Isle of the Cross's Excelsis is the newborn of seemingly bemused singer, songwriter, artisan, enlightenment personality, and multi-instrumentalist Je Schneider. The richly textured album displays the product of what could only be expected from someone of Schneider's background. "I grew up playing drums and piano - following in the footsteps of my Dad. I was introduced to a lot of great musicians of various genres from prog-rock to classical to new age to jazz to metal to folk to Latin to soundtracks/plays etc... it was always a diverse and inspiring collage." Excelsis is too a diverse and inspiring depiction. It veers from big loud dark moments a la Meshuggah or Gojira to soft candid piano interludes and classical motifs. Minimalism is something apparently Je never quite studied. There are absolutely moments which can sound jumbled and claustrophobic but they are not as common as I expected. How did Je ensure that for the most part the album steered clear of these common hiccups? "I actually didn't take any caution which has been noted by quite a few!" He also knows that the complexity present has its disadvantages. "I agree with most that it isn't an easy listen."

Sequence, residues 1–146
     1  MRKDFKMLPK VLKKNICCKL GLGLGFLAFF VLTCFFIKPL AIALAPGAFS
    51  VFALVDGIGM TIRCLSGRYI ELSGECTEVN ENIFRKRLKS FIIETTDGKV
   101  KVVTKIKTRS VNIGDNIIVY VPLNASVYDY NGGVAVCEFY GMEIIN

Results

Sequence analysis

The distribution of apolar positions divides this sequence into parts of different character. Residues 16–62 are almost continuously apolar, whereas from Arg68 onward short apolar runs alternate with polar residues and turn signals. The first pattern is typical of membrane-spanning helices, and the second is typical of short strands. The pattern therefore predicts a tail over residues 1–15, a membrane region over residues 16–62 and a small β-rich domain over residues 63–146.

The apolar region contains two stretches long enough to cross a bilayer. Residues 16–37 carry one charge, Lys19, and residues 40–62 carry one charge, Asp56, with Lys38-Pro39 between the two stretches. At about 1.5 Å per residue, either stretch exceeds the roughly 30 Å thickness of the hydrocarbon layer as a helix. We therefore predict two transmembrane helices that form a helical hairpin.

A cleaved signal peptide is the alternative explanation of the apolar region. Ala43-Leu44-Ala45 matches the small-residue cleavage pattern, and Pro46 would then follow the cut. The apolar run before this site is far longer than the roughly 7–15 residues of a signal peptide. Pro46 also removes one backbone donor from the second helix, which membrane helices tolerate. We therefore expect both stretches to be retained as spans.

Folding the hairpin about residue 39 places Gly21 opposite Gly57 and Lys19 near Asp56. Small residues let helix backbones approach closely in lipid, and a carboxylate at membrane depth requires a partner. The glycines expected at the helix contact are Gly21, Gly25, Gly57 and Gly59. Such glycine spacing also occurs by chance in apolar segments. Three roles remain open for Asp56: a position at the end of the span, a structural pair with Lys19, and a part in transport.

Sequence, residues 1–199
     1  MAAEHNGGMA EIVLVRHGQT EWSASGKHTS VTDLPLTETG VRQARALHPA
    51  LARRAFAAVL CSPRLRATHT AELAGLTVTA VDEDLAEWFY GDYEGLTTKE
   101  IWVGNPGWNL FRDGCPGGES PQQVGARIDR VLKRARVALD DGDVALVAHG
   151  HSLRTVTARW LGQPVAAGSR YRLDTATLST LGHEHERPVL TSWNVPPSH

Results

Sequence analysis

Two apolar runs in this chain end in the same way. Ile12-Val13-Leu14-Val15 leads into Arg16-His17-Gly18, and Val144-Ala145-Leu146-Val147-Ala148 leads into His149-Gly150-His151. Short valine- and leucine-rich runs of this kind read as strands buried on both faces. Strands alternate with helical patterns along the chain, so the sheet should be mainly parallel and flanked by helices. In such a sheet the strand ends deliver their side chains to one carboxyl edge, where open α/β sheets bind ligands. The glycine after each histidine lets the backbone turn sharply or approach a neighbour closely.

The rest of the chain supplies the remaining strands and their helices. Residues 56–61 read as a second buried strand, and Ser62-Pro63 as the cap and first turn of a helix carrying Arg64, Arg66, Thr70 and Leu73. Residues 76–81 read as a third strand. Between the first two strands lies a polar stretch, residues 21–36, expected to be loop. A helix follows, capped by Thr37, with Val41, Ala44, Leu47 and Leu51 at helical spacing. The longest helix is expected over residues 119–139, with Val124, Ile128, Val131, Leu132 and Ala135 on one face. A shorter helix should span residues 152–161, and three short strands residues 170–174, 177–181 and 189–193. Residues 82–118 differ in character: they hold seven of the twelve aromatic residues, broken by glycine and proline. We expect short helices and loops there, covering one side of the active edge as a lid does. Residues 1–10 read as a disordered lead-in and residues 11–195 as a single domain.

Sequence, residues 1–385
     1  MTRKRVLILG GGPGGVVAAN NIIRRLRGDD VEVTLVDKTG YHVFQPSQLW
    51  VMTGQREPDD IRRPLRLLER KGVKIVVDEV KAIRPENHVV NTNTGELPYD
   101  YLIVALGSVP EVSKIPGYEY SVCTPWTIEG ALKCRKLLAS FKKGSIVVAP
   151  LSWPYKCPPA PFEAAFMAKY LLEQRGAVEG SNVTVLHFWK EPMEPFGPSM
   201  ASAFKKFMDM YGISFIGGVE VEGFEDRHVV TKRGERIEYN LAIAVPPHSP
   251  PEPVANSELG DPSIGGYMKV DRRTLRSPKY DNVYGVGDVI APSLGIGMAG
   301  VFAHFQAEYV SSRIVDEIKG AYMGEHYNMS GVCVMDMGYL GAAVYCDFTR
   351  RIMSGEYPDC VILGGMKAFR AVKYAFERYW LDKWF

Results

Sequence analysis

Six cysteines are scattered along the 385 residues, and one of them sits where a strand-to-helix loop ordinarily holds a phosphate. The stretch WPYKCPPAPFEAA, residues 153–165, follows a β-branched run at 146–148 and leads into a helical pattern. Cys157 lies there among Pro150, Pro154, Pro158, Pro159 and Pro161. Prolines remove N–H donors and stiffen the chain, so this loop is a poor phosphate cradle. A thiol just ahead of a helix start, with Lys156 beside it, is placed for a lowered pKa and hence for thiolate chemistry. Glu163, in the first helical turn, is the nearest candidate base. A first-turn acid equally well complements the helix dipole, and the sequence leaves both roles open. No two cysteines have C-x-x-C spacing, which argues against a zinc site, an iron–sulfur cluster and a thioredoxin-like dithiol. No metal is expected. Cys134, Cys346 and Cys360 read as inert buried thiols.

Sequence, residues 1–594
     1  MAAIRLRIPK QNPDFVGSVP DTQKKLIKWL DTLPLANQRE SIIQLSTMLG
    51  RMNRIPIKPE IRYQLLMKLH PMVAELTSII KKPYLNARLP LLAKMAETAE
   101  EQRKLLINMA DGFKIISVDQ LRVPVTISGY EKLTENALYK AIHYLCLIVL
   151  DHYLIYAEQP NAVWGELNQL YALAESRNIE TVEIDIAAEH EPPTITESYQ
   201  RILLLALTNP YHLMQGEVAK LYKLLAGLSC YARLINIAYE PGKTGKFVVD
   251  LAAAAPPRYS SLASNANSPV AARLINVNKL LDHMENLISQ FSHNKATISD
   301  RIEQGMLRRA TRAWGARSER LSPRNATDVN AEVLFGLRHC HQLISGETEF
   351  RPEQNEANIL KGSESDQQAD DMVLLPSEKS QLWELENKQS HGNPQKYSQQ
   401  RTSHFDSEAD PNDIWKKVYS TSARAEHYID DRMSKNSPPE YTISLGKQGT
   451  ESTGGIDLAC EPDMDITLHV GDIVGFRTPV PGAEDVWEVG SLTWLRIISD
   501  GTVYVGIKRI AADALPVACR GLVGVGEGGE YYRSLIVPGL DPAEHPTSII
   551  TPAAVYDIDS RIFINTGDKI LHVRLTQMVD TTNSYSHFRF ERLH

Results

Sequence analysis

It's this composite of influences which can be found on Excelsis, yet the album as a whole is nevertheless coherent and rewarding on a purely textural level; an atmosphere captured seemingly for a purpose and with a definitive goal in mind. Schneider, however, is more keen to pin this on luck, even when given the opportunity to elaborate if he had a specific atmosphere, soundscape, or sound design in mind when making the record. "The honest answer is no. I was throwing a lot of everything into the album and enjoying a bit of the freedom as it was clearly an experimental album." The album sounds like standing in an oasis deep in an arid land - there is a dry wind carried through in heavier songs like "Tartarus", opener "Sacrifice", or "Empyrean" and yet at the same time, a lush overgrowth of melody and rhythmic layering; it's all very modern in sound and ancient in atmosphere; Babylonian. I didn't press Je on this atmosphere further and I was disappointed by the rather wishy-washy response; an album with such a poignant ambience purposefully and carefully crafted would elevate Excelsis. Apparently this spectacular aura was the result of simple luck. For me, there isn't much that I would call experimental about the album sonically, but in terms of Je's individual experience in terms of creation, I can see why he would feel a sense of experimentation coursing through.